We thought we knew Kevin Durant. The best scorer on the planet & certifiable chairman of the nice guy club. But there is a fundamental flaw in Nice guys, sports history bears witness. David Robinson. Shaq in his early days. Dwight Howard. Pre-2012 Lebron James.
They’re too considerate. Smile too much. Too humble. Want to be loved. But winning is not about making friends. Winning is not about being liked.
It takes certain anger to win. An anger focused into a refusal to accept losing as a possibility. It takes toughness. A certain type of psychosis. An uncompromising pathos.
This is not necessarily something you’re born with. It can be acquired. It can be cultivated. Michael may have had it but he sharpened it to medically alarming levels that make therapists shudder. A weapon he forged from the rage of the countless tackles and takedowns at the hands of Rodman’s Pistons.
Kobe, another player infamous for his maniacal mean streak was actually a happy-go-lucky teenager when he first got to the league — winning rookie game MVPs, dunking between his legs and taking Brandy to the prom, all while flashing a wide smile radiating an unmistakably innocent glow. An innocence that was soon lost…
Every setback adds up, but there is always a definitive moment in time, a the break in the narrative where we are suddenly faced with something that is at once familiar yet all-together different. When we look back at Kevin Durant’s career, this stretch will be marked as the emergence of Iceberg Slim — the worlds most lethal basketball machine.
In Kevin’s case it all began with the 2012 loss to Miami in the Finals. Suddenly ‘happy to be here’ wasn’t enough. Then Harden was traded before the beginning of the 2012–13 season, leaving a gaping void in the team’s young core. A void that would have to be filled by committee, but also specifically by Durant. He needed to do more than just score, he needed to make plays — winning plays. He seemingly played the entire season with a chip on his shoulder, establishing the Thunder as the team to beat in the west, but Westbrook’s unexpected knee injury in the first round of the playoffs left them looking beaten. Another setback. Another season wasted.
They began this season on unsure footing too, but got Westbrook back ahead of schedule and suddenly everything was just right in the state of Oklahoma. The young role players were developing, Serge was stepping into the role of the 3rd scorer and defensive anchor (not just shot-blocker), and Russel & KD were unquestionably the league’s most lethal one-two punch since the days of Shaq & Kobe.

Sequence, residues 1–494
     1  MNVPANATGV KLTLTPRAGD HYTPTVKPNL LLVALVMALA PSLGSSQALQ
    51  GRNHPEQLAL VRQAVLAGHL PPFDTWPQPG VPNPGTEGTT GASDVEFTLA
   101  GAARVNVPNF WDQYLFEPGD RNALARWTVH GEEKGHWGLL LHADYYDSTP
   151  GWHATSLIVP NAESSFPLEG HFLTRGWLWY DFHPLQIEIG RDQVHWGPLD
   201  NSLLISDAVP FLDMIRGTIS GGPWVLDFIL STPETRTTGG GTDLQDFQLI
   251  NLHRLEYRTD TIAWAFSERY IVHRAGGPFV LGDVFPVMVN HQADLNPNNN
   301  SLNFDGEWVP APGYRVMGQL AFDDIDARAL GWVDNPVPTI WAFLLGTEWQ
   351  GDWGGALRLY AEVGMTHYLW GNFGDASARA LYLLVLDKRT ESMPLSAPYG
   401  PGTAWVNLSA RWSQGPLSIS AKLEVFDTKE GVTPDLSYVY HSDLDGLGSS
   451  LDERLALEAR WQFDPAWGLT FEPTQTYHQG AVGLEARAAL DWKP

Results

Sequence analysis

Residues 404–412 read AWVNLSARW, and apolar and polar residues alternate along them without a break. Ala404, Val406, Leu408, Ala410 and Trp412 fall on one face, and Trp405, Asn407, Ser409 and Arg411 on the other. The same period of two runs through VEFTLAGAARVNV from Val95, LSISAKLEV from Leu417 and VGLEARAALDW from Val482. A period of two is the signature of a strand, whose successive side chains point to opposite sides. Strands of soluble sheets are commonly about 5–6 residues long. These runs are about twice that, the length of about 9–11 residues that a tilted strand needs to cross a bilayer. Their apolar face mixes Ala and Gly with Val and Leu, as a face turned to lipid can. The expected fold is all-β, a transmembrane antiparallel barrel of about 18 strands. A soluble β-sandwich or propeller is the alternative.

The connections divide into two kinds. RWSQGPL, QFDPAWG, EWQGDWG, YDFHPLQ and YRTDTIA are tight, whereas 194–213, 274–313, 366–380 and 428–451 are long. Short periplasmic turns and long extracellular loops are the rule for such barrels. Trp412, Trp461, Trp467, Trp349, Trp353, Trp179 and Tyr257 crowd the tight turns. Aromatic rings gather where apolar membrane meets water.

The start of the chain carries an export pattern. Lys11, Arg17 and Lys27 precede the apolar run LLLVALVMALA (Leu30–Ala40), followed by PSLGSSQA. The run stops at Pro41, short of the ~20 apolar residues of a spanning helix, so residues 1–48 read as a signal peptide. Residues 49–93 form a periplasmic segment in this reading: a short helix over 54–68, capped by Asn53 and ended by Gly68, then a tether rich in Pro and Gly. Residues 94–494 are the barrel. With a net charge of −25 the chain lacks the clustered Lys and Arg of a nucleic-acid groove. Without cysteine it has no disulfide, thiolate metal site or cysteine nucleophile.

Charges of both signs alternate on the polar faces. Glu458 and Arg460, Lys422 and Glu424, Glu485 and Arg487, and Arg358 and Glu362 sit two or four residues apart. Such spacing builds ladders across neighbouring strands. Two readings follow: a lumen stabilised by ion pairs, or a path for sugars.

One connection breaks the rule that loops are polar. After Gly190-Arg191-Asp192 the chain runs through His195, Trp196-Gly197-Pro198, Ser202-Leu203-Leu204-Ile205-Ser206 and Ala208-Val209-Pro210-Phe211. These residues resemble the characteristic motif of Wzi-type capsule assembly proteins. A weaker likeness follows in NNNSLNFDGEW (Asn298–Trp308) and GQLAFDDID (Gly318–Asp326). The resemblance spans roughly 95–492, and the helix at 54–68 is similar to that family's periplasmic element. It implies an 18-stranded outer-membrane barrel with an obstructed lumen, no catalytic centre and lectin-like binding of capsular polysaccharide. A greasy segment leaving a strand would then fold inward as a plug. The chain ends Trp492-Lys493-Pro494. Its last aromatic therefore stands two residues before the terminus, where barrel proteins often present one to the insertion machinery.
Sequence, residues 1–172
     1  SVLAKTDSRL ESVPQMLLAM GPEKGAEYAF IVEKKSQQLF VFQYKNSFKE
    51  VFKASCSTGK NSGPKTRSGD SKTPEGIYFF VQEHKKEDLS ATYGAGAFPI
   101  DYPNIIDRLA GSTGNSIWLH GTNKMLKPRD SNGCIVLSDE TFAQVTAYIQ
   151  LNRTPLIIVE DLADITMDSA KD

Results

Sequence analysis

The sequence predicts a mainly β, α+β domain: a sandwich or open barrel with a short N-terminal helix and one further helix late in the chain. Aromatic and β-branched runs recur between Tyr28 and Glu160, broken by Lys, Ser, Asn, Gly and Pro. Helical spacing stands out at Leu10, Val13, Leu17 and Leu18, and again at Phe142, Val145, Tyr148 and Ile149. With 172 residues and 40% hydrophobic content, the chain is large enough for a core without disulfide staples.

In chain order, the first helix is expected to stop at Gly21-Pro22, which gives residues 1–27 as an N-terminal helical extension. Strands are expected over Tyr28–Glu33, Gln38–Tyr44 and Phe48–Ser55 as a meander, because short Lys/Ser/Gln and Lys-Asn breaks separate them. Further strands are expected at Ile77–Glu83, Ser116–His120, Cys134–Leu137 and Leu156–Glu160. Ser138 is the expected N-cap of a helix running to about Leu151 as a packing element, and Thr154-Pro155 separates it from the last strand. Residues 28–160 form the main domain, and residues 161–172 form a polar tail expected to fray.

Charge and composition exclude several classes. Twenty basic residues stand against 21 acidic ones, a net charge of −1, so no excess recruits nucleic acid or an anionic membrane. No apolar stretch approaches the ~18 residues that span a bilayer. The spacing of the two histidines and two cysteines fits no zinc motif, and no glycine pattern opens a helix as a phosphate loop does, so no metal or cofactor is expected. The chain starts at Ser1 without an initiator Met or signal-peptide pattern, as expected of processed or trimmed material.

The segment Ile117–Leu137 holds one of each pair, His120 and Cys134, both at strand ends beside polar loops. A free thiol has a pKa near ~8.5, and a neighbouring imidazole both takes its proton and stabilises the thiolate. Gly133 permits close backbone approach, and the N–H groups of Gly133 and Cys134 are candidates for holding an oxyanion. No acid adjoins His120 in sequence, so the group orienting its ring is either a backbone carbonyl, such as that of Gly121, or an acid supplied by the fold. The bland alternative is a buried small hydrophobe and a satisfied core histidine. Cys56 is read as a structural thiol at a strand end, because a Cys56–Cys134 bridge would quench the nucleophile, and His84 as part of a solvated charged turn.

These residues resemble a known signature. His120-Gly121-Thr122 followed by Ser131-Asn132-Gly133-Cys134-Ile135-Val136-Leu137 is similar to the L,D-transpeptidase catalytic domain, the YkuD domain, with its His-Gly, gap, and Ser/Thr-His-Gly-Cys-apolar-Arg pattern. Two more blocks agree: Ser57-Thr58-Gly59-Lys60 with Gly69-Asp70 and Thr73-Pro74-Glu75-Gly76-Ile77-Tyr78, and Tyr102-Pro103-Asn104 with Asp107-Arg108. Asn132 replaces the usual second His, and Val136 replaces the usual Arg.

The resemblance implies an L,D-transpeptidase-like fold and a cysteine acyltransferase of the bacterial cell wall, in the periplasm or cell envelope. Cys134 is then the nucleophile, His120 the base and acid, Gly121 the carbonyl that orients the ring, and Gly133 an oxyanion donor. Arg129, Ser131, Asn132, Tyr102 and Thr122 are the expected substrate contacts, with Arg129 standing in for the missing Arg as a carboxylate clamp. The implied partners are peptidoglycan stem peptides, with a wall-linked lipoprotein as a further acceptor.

The Thunder were 23–5 when they beat the Knicks on Christmas day, with Westbrook logging a triple double in just 3 quarters. Things couldn’t have been better… & then disaster struck — Westbrook went down with a second knee injury and there was a terrifying sense of deja-vu. All the momentum they had been building had just been lost. It seemed like a haymaker the team would not be able to recover from. It’s timing vicious, cruel and crippling.
The next day when Durant said “I need Reggie Jackson. I need Serge Ibaka. I need Kendrick Perkins. I’m not afraid to say that… I need to lean on those guys, just like we need to lean on each other. That is what team is about. So through adversity we just have to lean on each other.” it sounded like a plea for help. Words of a leader trying to be brave in the face on unavoidable defeat.
The Thunder sputtered along, playing mediocre basketball, going 5 — 5 in the next 10 even though Kevin was doing all he could (including two 48 point games) — or so it seemed.
They followed that with a win against the Rockets, heading into a match-up against the Warriors the very next night. The teams had played each other to a virtual draw in their two earlier meetings, each game being decided on a last second shot. This time KD was having none of it.
This was the game marked what may be the most significant moment in the NBA for years to come. This player who dropped 54 was a different beast. One we’d never seen before. In seemingly an instant everything changed. This season was no longer about Miami. This league, this planet was no longer Lebron’s. Kevin Durant had seized the basketball zeitgeist by its throat and coerced a coronation. In fact Kevin Durant as we knew him was dead. Long live Iceberg Slim (mad props to Jalen Rose for coining this moniker).
What followed has been historic and meteoric (I see you Clyde) & here are the best bits:
There was the Portland game where they trailed 93–90 in the fourth quarter when Durant slammed his hand on the scorer’s table & was whistled for a technical foul. Durant then scored in the lane, made a 3-pointer, and told the Portland bench “I’m about to take this shit over.” OKC closed the game on a 15–4 run (Durant had 11) to beat the Blazers.
The Hawks Game where he scored 41 points including a game winner against a double team to cap his team’s comeback.
& the statement game against Lebron & the Heat!
“Kevin Durant was on my television putting up 33 points on 52 percent shooting, as he completely destroyed the Heat defense in a blowout win in Miami. Wow! What an incredible feat! This is the stuff kings are made of … NO … superheroes are made of … NO … GODS ARE MADE OF!” — Jason Gallager
& What is truly terrifying is that as unbelievably good as he is right now, he is just 25 and HAS NOT ENTERED HIS PRIME YET!!!
& in other news, clinical depression is at an all time high among former Supersonics fans. Sorry Seattle!